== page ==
The Last of the Phylloxerated Vines Go Up in Smoke
Ironically, back in 1985, when we planted AXR-1 rootstock in all our vineyards the phylloxera plague had already started attacking this particular rootstock. The rootstock which was developed years before at UC Davis was a cross between tow grapevines one of which had known susceptibility to phylloxera. Of course all of this is much better known in hindsight. At the time of our planting, Davis was in a state of denial and we blissfully planted on AXR-1 not knowing.
Slowly but inexorably over the subsequent years the deadly phylloxera insect (actually a root louse) devour the roots of our plants, multiplying in profusion in its characteristic feeding frenzy.
Years later, and wiser, we are now disposing of the last of these old vines and it seems appropriate, by burning them roots and all.
You don’t want to hear about all the trouble and expense we have gone to in incrementally replanting and keeping our winery production going at the same time. Suffice to say it is the greatest simgle expense in our winery history. On the plus side, however, for this second planting Dimitri Tchelistcheff had come to work for us and recommended some greatly improved clones that in his years of experience had made the best wines.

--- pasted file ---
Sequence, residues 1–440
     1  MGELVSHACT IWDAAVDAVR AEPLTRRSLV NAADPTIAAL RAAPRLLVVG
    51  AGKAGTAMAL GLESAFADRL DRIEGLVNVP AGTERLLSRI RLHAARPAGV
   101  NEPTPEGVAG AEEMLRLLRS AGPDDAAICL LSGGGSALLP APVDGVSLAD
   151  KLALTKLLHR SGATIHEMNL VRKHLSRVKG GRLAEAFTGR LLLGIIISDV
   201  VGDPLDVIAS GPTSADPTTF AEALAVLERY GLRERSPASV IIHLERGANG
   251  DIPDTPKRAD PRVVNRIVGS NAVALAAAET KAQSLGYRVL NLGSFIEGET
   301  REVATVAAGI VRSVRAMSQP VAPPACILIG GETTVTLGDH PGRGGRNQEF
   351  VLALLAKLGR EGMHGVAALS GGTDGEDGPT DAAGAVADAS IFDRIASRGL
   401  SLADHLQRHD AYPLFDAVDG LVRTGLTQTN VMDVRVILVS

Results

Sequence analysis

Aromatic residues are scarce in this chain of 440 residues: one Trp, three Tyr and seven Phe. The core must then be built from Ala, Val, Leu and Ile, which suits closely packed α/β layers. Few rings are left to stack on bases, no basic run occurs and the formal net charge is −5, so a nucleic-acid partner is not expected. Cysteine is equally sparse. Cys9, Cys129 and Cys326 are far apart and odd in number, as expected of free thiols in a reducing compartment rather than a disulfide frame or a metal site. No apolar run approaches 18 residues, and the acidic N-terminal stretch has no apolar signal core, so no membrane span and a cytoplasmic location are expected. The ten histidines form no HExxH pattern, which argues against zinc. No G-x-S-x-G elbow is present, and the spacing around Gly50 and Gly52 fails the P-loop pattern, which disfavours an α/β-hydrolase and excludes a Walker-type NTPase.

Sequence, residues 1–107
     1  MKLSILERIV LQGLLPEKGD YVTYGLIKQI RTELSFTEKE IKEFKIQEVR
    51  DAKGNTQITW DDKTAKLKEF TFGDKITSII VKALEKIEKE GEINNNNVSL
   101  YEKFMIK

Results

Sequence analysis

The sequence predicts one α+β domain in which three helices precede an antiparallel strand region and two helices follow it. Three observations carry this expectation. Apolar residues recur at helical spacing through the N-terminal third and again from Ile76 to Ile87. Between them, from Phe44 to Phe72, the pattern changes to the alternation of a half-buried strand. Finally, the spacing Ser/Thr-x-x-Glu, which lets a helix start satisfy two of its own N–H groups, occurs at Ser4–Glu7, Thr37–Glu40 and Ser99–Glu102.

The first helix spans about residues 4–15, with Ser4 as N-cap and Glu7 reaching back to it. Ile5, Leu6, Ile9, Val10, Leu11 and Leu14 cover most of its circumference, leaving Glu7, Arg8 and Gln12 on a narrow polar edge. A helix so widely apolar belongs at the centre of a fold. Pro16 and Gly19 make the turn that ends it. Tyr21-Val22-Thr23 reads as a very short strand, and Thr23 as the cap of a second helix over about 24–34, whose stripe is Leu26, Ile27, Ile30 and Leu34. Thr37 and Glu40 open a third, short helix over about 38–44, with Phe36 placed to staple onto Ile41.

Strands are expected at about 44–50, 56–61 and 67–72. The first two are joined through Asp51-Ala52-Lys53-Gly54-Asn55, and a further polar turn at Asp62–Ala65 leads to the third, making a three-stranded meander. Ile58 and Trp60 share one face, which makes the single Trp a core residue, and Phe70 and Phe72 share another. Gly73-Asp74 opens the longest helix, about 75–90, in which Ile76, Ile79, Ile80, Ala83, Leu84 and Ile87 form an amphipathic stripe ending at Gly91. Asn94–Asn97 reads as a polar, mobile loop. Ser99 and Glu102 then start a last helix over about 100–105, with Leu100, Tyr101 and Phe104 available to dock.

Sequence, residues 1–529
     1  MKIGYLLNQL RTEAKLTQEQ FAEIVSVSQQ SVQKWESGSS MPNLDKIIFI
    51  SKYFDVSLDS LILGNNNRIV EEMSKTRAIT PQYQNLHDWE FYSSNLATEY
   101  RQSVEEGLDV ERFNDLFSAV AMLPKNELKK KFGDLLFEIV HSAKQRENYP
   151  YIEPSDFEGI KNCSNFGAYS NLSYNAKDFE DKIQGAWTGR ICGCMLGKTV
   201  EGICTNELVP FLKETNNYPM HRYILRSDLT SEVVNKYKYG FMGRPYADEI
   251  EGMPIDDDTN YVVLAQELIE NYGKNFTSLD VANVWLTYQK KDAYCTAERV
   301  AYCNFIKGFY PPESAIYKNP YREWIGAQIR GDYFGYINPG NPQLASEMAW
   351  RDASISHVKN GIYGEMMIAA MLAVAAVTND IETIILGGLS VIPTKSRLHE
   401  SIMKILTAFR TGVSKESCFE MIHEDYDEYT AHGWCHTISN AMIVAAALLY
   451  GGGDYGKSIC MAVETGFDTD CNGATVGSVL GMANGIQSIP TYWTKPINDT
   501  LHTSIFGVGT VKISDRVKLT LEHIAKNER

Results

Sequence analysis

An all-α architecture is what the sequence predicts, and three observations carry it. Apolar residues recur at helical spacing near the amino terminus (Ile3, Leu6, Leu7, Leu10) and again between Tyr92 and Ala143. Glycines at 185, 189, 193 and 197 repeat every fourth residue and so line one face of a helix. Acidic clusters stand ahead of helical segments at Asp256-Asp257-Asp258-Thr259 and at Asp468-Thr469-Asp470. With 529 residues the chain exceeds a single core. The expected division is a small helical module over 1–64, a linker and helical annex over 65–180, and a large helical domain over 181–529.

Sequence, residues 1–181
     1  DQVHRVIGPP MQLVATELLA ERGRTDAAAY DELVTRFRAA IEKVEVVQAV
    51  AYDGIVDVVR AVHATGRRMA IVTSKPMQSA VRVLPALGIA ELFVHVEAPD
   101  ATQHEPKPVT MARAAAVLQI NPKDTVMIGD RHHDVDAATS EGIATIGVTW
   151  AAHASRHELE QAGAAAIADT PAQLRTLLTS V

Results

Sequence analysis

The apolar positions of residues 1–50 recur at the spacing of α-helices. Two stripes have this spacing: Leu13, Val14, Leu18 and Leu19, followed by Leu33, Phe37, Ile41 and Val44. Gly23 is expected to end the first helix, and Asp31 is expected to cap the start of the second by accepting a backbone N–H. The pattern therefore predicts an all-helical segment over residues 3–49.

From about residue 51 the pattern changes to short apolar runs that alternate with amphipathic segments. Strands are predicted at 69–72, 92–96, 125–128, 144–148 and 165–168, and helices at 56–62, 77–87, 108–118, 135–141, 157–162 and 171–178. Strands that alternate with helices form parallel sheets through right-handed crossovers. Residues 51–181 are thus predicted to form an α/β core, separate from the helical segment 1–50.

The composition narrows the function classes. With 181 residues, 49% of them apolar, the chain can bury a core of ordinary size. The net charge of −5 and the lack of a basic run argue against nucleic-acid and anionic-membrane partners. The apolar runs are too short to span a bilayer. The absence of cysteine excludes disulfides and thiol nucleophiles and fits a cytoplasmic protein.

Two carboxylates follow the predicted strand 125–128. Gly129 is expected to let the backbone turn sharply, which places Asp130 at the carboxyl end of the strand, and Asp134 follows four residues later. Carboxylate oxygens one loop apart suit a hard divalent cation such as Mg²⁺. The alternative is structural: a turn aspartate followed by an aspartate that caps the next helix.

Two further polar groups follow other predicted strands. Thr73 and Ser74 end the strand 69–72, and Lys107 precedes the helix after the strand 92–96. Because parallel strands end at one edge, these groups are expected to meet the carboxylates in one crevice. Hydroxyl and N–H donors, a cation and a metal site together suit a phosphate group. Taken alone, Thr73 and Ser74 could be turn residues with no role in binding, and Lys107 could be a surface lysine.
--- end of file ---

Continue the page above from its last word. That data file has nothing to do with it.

First we decided which varietal of grape, such as Cabernet Franc, to plant in a particular place, and then which clone of that variety to use. The clone determines just what kind of Cabernet Franc. After the rootstock has grown up to about a foot we cut it off and graft a bud of the selected clone onto the plant stub. In two or three years this bud develops in to a full size grapevine exhibiting its clonal characteristics.
For our replanting we typically used 101-14 type rootstock, on with a historic resistance to phylloxera (that louse is incredibly root specific in its tastes). Then for our chardonnay vines we used the Wente clone whose small berry size leads to a very flavorful wine. For our Cabernet Sauvignon we chose a variety of clones to have good blending possibilities.
The big bonfire attracted some of the winery kids who had on big weenie roasting party. But what the enjoyed most was the old vintage fire engine which we brought out for the occasion.
The fire engine came with the property when Leticia and I bought it. It is 1937 vintage, but sill can pump a jet of water 75 feet. It has a profound history starting with being the original fire engine for the Golden Gate Bridge. A very tragic part of the fire engine’s history occurred when the previous owner Peter Gasser, fearing that the big fire of ’82 was going to burn his many precious acres of oaks and native plants, jumped into this historic fire engine, drove to a part of the property near the fire line and commenced fighting the fire in a heavily wooded valley; suddenly the wind shifted and he was overcome by flames. A few years later his widow sold us the estate.
Anyway it was a great occasion last month to see the last remnants of the phylloxera scourge go up in smoke and to celebrate it with the spirit of a new generation of children.